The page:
Friday, November 2, 2012

Book Review: Please Look After Mom by Kyung-sook Shin

Please Look After Mom by Kyung-sook Shin is a masterpiece. Honestly I could sum up this review by using just these two words. If there was a book that made me feel lucky to be alive in order to read it, in 2011 was Sebastian Barry’s On Canaan’s Side. And after that came Please Look after Mom by Kyung-sook Shin – I mean chronologically, not quality wise, they are both superb. This is one of those books that are so full of grace that they take the reader’s breath away; not only for their plot, but mostly because of their prose; a prose that’s lyrical, dream-like, poetic, that sounds nostalgic and melancholic at the same time.

It all begins when an elderly woman called Park So-nyo vanishes into thin air while at the Seoul train station. She had just arrived there with her husband and they were supposed to board the Metro to visit one of their children. He made it onto the train, she didn’t, and by the time he realized she wasn’t there and went back to the station to find her, it was already too late, she had disappeared. What happened to her? Why did she do that to him? To them? Did she just get lost or…?

Well, there’s no one who can answer these questions, so the only thing we can do, is follow the story as told by an anonymous narrator. In its epicenter, as one would expect, is the woman and her husband, but two of their five children as well. They all felt guilty for what happened to her, and they were right to do so, since they’ve spent their entire lives taking her for granted, as an unmovable presence in their reality who would remain there forever.

It is through the memories of the two children that we get to know her better. And it is exactly through the same procedure that they, the son and the daughter, come to realize that that ordinary, illiterate woman had given them everything they ever needed, that in essence she sacrificed her life for their future/present happiness. It was for them that she went on living with a drunk, unfaithful and unworthy man, and it was for their sakes that she sold the only thing she ever owned. I have lived in darkness, without a spark of light, my entire life, she says. She was illiterate; that’s what she meant by the word darkness. That was her secret, the most important one, but not the only one.

As the story progresses and we get to know her better she surprises us all the more, since later rather than sooner we come to understand that Ordinary is not exactly the word one would use to describe this woman, unless he added an extra before. She was a strong woman, solid as a rock; a woman full of courage and with a big heart, who once didn’t hesitate to help a poor man who was trying to steal her children’s food. And she did that just because he was poorer than her. She had little but she knew how to count her blessings, and you can’t say that for a lot of people.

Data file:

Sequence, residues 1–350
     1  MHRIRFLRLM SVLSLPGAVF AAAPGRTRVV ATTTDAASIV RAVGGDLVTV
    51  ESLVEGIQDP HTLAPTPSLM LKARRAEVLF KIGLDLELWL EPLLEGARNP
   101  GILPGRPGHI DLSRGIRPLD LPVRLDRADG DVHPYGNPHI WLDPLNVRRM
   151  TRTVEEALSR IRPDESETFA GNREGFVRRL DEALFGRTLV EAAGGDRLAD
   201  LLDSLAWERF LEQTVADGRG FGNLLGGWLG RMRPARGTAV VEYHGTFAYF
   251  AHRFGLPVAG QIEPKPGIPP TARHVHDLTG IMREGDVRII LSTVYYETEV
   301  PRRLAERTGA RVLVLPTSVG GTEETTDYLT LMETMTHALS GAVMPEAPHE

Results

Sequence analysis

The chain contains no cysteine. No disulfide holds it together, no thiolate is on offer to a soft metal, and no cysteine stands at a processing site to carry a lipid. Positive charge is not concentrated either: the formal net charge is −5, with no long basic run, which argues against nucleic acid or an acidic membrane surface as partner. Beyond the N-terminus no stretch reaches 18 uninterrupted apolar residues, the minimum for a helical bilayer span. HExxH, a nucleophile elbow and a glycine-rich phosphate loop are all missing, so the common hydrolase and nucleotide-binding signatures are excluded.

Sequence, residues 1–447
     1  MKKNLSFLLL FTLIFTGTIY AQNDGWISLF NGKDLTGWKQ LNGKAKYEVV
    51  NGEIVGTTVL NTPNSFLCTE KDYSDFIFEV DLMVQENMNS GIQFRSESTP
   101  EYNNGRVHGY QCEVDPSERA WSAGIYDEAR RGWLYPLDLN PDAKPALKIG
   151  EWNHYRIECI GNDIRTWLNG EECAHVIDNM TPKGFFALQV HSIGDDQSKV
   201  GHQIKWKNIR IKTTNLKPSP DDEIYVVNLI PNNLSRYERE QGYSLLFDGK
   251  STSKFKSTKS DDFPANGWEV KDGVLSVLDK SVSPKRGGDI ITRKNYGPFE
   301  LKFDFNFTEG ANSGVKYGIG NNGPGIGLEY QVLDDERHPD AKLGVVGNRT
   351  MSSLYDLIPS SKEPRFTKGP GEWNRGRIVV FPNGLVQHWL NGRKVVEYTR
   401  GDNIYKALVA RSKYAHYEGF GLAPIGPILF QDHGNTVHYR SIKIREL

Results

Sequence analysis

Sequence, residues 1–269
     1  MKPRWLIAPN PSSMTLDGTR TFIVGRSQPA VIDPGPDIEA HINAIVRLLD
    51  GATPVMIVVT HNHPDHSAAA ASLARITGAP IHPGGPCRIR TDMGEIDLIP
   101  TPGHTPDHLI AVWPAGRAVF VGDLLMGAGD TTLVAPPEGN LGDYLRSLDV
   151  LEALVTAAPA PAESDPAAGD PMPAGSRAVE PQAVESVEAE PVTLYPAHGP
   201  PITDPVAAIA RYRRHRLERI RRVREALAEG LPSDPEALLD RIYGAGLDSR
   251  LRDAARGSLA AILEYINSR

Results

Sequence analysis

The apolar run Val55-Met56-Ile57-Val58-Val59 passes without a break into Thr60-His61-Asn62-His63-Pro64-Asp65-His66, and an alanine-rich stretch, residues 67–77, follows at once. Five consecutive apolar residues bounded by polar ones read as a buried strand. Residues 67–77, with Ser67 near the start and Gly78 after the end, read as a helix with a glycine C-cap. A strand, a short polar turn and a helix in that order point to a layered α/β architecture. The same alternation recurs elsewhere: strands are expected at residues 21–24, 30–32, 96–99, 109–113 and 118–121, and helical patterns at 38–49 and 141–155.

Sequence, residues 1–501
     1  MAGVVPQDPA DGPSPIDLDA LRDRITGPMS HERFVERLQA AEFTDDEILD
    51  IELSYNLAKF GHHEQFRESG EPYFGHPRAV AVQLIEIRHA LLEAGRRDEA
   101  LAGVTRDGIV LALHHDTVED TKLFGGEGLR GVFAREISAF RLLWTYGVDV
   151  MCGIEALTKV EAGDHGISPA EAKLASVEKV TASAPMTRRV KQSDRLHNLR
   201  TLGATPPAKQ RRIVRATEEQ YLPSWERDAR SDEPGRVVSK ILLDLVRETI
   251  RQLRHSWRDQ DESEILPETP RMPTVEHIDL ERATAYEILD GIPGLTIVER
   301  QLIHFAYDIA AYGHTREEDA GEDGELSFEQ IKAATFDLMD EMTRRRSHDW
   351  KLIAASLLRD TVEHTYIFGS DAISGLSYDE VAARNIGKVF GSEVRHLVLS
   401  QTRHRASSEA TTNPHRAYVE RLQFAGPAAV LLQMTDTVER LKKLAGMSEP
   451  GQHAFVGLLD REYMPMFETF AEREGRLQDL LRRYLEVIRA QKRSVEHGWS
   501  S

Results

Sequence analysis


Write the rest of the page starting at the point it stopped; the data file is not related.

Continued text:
But her philanthropy, her humanity was not exhausted in that simple act. She used to feed some of the neighborhood’s kids as well, and use the free time she definitely didn’t have to help out in the everyday chores of an orphanage she helped built, or which rather she created out of thin air herself. No one seemed to have paid her any respect for that; no one; until now, that she’s just like a being who most likely once existed in a dream.

The author doesn’t only offer the reader an amazing story but she also manages to speak directly to his soul. Wake up, she seems to say to him, and take a good look at life and the people that surround you. Recognize who you are and to whom you owe that.

Park So-nyo’s story could be the story of every good mother. However Kyung-sook Shin’s book is unlike any other. It is so deeply humane, it sounds so utterly true, that does not only touch the soul but also helps it open its wings to the world out there and to the people; the real people; the most important ones. There’s some melancholy here but despite the subject matter it’s a sweet one; just like its heroine.

This is one of the best novels that I’ve read during the last decade or so; no wonder that it won the Man Asian Literary Prize. I do wonder though why it didn’t get the attention it deserves from the press in the west. Is it because Shin is not Murakami? Or is it simply because our western arrogance doesn’t allow us to recognize a gem when we see one? Well, at the end of the day, it doesn’t really matter. What matters is the book; this extraordinary work of art, which I would wholeheartedly recommend to everyone.

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